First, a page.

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Vignettes Regarding the Artwork of Brendon Kotes
Though Brendon tried to bow out, Orion insisted on treating dinner in that confident way of his. Yet with each passing moment, Orion’s presence felt more like an imposition rather than a treat. The entire day more a press of weight, a guilt riding on Brendon’s shoulders and a sick sense of dread that kept him from reaching for his sketchbook.
“We’ll have to go through your sales book,” Orion said as they waited for a table. “Find the most likely to cause problems and double-check that everyone is safe.”
And if they’re not? Brendon wanted to ask. What then? Did he take the blame for the suffering, the death? Would the legal system even consider his guilt? Would they—
“This way, sirs.”
A heavily tanned girl—no more than sixteen or seventeen, with plastic nails and purple eye makeup that cast interesting shadows around her eyes—guided them into a booth and rattled off a series of daily specials that sounded decidedly unspecial.
Then she whisked away to fetch Orion a couple fingers of bourbon and Brendon a water. Just a water, he’d said. He couldn’t handle anything else. Or maybe he should drink. Drown away this inexplicable dread, tear away the filters stopping him from cursing Orion for all the doubt he’d brought.
“This whole situation is troubling. Just got off the phone with Wendy and she agrees that we need to get to the bottom of this. Not just the paintings you’ve already done, but why and what and how. Can it be replicated? Can it be militarized?”
Brendon looked up from the menu.
Orion smiled serenely and continued. “And are you the type to be militarized. What type are you, Brendon?”
The waitress brought their drinks, the scent of cherries in the air. How would he capture the scent of cherries on canvas?
Orion didn’t wait for an answer even after she left. “Your credit score is hovering in the mid-six hundreds. Your debt to income ratio is…not amazing, but somehow you have high loan capability. That never bodes well. One wrong misstep, a sickness, an accident.” He paused. “And a single painting can drag you out of debt. And then another, until you’re sliding down a slope greased with blood.”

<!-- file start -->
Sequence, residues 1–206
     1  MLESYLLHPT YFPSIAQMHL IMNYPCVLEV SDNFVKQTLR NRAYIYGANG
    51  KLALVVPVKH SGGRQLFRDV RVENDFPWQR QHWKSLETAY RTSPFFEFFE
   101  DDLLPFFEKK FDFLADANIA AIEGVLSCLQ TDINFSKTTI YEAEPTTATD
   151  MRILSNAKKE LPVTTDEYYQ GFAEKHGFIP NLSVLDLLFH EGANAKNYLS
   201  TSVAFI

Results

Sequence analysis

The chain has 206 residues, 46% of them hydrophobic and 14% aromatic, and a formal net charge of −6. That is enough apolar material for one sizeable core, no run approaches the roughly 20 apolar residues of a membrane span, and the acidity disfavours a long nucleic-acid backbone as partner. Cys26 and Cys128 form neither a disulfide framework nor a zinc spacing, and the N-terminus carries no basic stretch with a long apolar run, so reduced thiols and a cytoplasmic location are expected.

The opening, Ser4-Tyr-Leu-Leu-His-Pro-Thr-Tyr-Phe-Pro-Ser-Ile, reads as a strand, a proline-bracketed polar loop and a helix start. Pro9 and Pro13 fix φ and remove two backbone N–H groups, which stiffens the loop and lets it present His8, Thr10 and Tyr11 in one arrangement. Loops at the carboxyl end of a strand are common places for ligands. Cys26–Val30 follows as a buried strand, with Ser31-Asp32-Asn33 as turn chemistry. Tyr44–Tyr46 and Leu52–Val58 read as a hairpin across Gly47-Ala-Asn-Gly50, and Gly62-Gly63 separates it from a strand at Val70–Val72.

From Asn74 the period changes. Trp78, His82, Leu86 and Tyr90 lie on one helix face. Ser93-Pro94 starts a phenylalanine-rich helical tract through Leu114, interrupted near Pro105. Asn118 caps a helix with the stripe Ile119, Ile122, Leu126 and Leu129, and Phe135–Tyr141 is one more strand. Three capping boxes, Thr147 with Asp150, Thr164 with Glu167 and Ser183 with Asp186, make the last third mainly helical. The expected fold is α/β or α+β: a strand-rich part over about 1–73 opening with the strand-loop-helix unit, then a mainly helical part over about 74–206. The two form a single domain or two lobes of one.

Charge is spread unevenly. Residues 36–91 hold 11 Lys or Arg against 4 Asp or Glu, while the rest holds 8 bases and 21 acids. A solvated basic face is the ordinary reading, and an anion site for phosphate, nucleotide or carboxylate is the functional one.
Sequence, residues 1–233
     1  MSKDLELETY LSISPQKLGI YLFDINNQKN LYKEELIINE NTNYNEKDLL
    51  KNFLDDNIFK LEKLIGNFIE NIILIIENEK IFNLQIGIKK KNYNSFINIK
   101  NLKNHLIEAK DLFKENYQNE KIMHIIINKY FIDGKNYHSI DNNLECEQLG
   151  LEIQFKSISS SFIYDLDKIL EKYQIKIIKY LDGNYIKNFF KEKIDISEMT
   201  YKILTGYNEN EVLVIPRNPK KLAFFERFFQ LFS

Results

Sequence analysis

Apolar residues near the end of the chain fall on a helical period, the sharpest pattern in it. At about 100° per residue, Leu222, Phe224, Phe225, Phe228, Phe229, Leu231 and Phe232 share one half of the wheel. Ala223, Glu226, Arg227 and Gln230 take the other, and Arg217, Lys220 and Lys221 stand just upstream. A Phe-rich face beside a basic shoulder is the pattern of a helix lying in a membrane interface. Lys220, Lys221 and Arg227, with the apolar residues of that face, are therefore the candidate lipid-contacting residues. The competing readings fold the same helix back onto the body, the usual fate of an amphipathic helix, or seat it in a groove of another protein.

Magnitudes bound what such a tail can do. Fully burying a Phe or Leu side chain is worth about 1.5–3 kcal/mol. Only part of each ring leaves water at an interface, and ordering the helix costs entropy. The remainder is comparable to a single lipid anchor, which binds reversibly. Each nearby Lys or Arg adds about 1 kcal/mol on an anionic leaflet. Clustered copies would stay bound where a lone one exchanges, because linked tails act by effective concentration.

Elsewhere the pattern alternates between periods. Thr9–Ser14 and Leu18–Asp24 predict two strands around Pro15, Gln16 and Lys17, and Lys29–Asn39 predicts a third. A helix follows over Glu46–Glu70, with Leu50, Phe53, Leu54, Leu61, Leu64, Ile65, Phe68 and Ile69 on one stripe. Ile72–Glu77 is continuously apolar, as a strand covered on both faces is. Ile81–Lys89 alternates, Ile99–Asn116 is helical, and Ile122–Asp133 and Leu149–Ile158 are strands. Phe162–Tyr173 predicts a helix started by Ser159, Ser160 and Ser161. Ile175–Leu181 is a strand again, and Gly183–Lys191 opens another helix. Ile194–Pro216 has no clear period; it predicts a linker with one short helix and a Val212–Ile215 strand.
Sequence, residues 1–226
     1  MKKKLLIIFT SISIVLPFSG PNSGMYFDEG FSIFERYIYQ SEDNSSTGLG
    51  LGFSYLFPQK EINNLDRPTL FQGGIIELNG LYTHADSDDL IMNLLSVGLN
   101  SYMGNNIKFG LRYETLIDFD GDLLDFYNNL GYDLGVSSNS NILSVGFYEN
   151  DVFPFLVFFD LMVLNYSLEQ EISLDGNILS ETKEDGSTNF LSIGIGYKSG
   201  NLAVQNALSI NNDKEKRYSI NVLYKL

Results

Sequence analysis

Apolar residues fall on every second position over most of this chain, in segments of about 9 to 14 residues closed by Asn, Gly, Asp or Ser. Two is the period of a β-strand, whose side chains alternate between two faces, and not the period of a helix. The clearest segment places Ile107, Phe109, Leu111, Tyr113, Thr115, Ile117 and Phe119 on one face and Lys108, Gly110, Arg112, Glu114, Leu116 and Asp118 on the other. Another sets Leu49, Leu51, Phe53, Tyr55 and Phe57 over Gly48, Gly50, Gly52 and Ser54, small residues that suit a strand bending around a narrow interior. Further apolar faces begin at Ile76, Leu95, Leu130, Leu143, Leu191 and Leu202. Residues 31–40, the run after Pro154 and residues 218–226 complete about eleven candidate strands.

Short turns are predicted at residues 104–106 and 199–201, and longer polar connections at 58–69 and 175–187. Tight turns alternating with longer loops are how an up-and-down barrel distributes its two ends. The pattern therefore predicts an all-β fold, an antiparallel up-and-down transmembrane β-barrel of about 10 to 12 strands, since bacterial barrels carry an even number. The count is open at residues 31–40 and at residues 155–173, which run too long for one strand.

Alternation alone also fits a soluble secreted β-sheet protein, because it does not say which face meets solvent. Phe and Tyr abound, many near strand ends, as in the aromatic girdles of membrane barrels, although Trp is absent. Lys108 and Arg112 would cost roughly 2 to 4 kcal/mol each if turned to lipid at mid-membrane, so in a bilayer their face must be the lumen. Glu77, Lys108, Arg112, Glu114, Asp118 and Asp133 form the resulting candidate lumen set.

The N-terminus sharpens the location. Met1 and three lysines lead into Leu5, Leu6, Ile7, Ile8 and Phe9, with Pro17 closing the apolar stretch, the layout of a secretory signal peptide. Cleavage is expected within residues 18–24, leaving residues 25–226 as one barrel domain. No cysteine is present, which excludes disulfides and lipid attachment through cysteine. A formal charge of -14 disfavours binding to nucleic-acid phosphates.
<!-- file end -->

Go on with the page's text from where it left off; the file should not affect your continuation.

“Stop it,” murmured Brendon.
“Why? Does it make you uncomfortable because I’m right or because you don’t like taking responsibility?”
“Why would you think I don’t take responsibility?”
“A question for a question? I don’t, actually. But I like putting people on the defensive to see what tactic they take.”
Furious now, Brendon focused far more intently on his menu than need be, wishing he were anywhere else. Wishing he’d not bothered sketching Orion last night.
“Some people would have stalked out by now,” observed Orion as he leaned forward onto his arms. “Others would be attacking me back with all the minimal tools in their arsenal. But you just sit there. Angry, obviously angry, but unwilling to say anything. Why?”
“You’re the armchair psychologist. You tell me.”
“Because you’re used to not being listened to?”
“Because there’s no point in trying to change people’s minds.”
“Isn’t that what I just said?” asked Orion, but his amusement made the question lack any need for a response. When Brendon didn’t say anything, Orion went on, seemingly happy to fill in all the voids left from Brendon’s quiet. “You don’t mind silence. I tried that tactic on you at lunch yesterday. Silence makes you too comfortable. It’s the noise you don’t like. The incessant chatter, the inability to focus on one thing for more than a few moments.”
“And you seem to think you have no faults.”
“Would you like to discuss my faults?”
And this time Orion remained still, his eyebrow slightly quirked up as he waited for an answer.
Brendon crossed his arms over the menu. “Sure.”